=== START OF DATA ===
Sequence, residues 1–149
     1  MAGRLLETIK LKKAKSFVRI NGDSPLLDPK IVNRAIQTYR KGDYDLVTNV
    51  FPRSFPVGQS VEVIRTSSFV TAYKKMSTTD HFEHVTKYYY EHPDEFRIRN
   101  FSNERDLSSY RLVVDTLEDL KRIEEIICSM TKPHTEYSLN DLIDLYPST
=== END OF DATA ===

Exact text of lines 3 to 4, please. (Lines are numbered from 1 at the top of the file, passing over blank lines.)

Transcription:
    51  FPRSFPVGQS VEVIRTSSFV TAYKKMSTTD HFEHVTKYYY EHPDEFRIRN
   101  FSNERDLSSY RLVVDTLEDL KRIEEIICSM TKPHTEYSLN DLIDLYPST